Jesus never existed. Yes, I get blasted, trolled, and chastised every time I use that sentence. However it’s as true now as it was 2000 years ago.
Even Christianity itself is not unique. It’s pretty much a heterogeneous mixture of all of the religions that where around at the time. Mixing and borrowing from pagan, Jewish, and other religions that where popular.
So, on what grounds do I deny that such a person as Jesus Christ existed as a man? My answer is two fold. First off it’s not the denial of existence from the Pagans that is most profound, but the denial of the smartest and well educated Christians in both modern times and in antiquity. Second, an individual of the human race that has truly existed has never had so much evidence to the contrary of their own non existence. Unlike the mythical Jesus, a real historical figure like Julius Caesar has a mass of mutually supporting evidence.
If Jesus actually existed and did all the miraculous things he is said to have done then surely many people would have written about it during and immediately following Jesus’ life. Writing was not all that uncommon at this time. Particularly amongst Greek, Jewish, and Roman scholars. The very few references to Jesus that allegedly date back to his lifetime are clearly forgeries, forged no doubt hundreds of years later by people who realized this embarrassing lack of evidence needed to be rectified. Josephus and Tacitus in particular are notorious for being quoted by modern day Christians. However they are also notorious forgeries.
A History of Forgery…
The forgery of Josephus concentrated on the “Jesus” figure. His works have been debunked time and time again. Starting from a time before our Great ³ Grandfather was still in diapers. One work in particular called “DIEGESIS: Being a Discovery of the Origin, Evidences, and Early History of Christianity” by Robert Taylor (1760 AD) makes some great points when it comes to Josephus:
- It was never quoted by any of our Christian ancestors before Eusebius. (263–339 AD)
- Josephus has nowhere else mentioned the name or word Christ, in any of his works, except the testimony above mentioned and the passage concerning James, the Lord’s brother.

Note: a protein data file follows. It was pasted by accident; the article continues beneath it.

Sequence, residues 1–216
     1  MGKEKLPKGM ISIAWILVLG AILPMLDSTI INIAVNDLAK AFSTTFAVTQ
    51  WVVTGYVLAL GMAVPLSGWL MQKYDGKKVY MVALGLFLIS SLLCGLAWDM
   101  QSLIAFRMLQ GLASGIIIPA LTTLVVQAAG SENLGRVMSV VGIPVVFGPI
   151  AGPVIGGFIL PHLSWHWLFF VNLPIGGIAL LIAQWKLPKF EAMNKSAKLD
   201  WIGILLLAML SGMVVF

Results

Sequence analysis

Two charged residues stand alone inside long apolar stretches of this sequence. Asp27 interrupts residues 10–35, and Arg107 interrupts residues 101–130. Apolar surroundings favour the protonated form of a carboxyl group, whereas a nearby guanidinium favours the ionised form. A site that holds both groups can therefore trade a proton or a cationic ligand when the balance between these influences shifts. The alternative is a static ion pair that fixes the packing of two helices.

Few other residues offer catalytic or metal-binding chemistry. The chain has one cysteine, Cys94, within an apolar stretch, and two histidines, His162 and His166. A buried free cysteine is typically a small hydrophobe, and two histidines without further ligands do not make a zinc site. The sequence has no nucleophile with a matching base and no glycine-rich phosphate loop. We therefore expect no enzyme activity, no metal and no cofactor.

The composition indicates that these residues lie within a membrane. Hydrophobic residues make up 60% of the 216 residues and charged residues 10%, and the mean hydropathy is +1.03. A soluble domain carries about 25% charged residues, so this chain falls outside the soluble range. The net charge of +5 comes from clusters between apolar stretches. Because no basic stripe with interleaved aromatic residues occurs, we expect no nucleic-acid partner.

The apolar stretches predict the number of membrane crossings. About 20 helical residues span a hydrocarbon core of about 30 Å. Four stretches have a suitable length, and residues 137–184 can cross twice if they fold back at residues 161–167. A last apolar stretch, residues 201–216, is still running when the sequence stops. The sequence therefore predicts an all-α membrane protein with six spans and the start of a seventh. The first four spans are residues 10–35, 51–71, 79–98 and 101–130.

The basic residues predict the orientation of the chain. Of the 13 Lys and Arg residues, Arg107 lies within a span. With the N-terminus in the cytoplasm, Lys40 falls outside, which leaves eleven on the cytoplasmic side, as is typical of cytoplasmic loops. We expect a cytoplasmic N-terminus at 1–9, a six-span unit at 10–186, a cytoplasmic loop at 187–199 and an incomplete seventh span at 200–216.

- It interrupts the narrative.
- The language is quite Christian.
- It is not quoted by Chrysostom (347 AD), though he often refers to Josephus, and could not have omitted quoting it, had it been then, in the text.
- It is not quoted by Photius (810 AD), though he has three articles concerning Josephus.
- Under the article Justus of Tiberius, this author (Photius) expressly states that this historian (Josephus), being a Jew, has not taken the least notice of Christ.
- Neither Justin, in his dialog with Typho the Jew, nor Clemens Alexandrinus, who made so many extracts from ancient authors, nor Origen against Celsus, have even mentioned this testimony.
- But, on the contrary, Origen openly affirms (ch. xxiv., bk. i, against Celsus), that Josephus, who had mentioned John the Baptist, did not acknowledge Christ.
Another major support piller that a lot of Christians and Christian sympathizers rest on is the works of Cornelius Tacitus know by the name “The Annals”. He is made to speak of “Christians”, who “had their denomination from Christus, who, in the reign of Tiberius, was put to death as a criminal by the procurator Pontius Pilate.” Also taking from “DIEGESIS” most modern historians have this as a rebuttal:
- This passage, which would have served the purpose of Christian quotation better than any other in all the writings of Tacitus, or of any Pagan writer whatever, is not quoted by any of the Christian Founding Fathers.
- It is not quoted by Tertullian (220 AD), though he had read and largely quotes the works of Tacitus.
- And though his argument immediately called for the use of this quotation with so loud a voice (Apol. ch. v.), that his omission of it, if it had really existed, amounts to a violent improbability.
- This Father has spoken of Tacitus in a way that it is absolutely impossible that he should have spoken of him, had his writings contained such a passage.
- It is not quoted by Clement of Alexandria (215 AD), who set himself entirely to the work of adducing and bringing together all the admissions and recognitions which Pagan authors had made of the existence of Christ Jesus or Christians before his time.
- It has been nowhere stumbled upon by the laborious and all-seeking Eusebius (263–339 AD), who could by no possibility have overlooked it, and whom it would have saved from the labor of forging the passage in Josephus; of adducing the correspondence of Christ Jesus and Abgarus, and the Sibylline verses; of forging a divine revelation from the god Apollo, in attestation of Christ Jesus’ ascension into heaven; and innumerable other of his pious and holy cheats.